Grid rule for 14 states discriminates against renewables, greens say

By Zach Bright | 02/27/2024 06:14 AM EST

The Southwest Power Pool is grappling with how to keep the lights on while coal plants retire and renewables come online.

Wind turbines in Papalote, Texas.

Wind turbines in Papalote, Texas. Brandon Bell/Getty Images

Environmental groups are slamming a proposal from the grid operator in 14 states that they say discriminates against wind and solar power, showcasing a debate over how a rapid shift to renewables affects keeping the lights on.

The Southwest Power Pool (SPP), which oversees swaths of the Midwest, West and South, unfairly values renewables and battery storage compared to coal, natural gas and nuclear power in its “resource accreditation” plan filed with the Federal Energy Regulatory Commission, according to a statement Monday from the Sierra Club, Earthjustice and the Natural Resources Defense Council.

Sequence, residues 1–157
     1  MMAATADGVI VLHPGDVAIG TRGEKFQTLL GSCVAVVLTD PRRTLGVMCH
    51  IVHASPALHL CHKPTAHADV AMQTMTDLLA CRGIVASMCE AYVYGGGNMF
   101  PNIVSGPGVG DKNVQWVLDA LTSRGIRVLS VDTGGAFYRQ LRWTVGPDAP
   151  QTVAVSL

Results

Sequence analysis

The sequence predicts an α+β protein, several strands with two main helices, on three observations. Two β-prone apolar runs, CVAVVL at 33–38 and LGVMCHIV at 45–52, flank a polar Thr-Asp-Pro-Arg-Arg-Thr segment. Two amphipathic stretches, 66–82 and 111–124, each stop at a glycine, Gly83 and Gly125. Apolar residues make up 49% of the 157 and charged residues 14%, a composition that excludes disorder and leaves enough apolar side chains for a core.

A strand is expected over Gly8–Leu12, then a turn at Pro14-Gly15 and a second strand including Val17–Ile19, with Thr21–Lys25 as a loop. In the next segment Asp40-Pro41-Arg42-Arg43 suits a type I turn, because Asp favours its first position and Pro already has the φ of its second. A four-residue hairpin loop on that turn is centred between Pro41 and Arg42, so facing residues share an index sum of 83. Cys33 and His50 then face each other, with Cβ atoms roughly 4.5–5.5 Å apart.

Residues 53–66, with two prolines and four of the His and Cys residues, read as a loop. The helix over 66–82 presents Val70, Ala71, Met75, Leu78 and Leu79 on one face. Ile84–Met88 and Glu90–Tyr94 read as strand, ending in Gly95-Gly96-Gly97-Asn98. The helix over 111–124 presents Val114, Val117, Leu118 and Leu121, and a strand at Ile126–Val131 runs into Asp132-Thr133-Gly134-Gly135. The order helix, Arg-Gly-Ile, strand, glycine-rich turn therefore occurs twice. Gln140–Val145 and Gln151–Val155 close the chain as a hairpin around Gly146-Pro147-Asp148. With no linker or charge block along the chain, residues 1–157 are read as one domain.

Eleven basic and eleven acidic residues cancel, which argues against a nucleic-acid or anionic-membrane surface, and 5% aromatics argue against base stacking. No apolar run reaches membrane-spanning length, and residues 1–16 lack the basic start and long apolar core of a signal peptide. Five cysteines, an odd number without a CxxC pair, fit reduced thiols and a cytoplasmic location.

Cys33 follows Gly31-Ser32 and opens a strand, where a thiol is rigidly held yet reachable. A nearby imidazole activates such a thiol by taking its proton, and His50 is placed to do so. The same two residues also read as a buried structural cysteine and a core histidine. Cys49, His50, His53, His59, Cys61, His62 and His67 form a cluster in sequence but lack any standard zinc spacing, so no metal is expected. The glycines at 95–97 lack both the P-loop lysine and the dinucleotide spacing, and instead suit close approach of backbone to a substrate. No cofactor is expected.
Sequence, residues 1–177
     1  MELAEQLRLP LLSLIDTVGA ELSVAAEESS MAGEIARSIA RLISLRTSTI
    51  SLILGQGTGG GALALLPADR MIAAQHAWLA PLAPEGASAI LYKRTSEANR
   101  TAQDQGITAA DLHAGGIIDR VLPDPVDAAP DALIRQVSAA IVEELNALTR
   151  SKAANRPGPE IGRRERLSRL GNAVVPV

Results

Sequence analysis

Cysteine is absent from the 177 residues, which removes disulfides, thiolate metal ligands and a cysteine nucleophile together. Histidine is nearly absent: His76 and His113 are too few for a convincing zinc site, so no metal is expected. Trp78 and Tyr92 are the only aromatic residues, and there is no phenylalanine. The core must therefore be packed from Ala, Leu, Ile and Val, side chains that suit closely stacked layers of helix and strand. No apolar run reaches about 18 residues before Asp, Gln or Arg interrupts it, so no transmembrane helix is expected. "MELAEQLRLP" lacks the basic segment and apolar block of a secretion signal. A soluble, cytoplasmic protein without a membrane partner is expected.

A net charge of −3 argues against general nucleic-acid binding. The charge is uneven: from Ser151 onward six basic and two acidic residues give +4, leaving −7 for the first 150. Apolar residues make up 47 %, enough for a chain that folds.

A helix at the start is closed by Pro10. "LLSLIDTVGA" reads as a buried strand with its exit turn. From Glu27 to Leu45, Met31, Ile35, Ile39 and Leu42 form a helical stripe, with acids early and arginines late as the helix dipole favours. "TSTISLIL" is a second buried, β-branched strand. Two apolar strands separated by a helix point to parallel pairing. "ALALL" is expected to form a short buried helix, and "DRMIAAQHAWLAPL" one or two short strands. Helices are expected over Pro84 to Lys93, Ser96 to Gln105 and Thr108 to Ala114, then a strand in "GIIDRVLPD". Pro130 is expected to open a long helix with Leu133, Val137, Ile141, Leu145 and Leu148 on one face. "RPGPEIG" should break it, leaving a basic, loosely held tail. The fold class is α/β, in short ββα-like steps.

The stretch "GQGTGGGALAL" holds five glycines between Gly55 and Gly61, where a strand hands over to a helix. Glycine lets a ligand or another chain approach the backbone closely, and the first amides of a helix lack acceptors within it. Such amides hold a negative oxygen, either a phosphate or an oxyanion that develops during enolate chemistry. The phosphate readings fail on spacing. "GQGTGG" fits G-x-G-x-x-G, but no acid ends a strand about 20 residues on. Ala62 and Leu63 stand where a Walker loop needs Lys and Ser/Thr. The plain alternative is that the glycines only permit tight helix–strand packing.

filed with the Federal Energy Regulatory Commission

The plan, which outlines how much value electricity sources add to the grid in terms of reliability, could slow a shift away from fossil fuels in a large chunk of the country and lead to a massive gas build-out there if approved by FERC, the groups said.


“It’s surprising that any regional grid operator — much less one with SPP’s years of experience with widespread gas and coal failures during recent winter storms — would move forward with such an unrealistic accreditation plan for fossil fuel generation,” Greg Wannier, a senior attorney for the Sierra Club, said in a statement.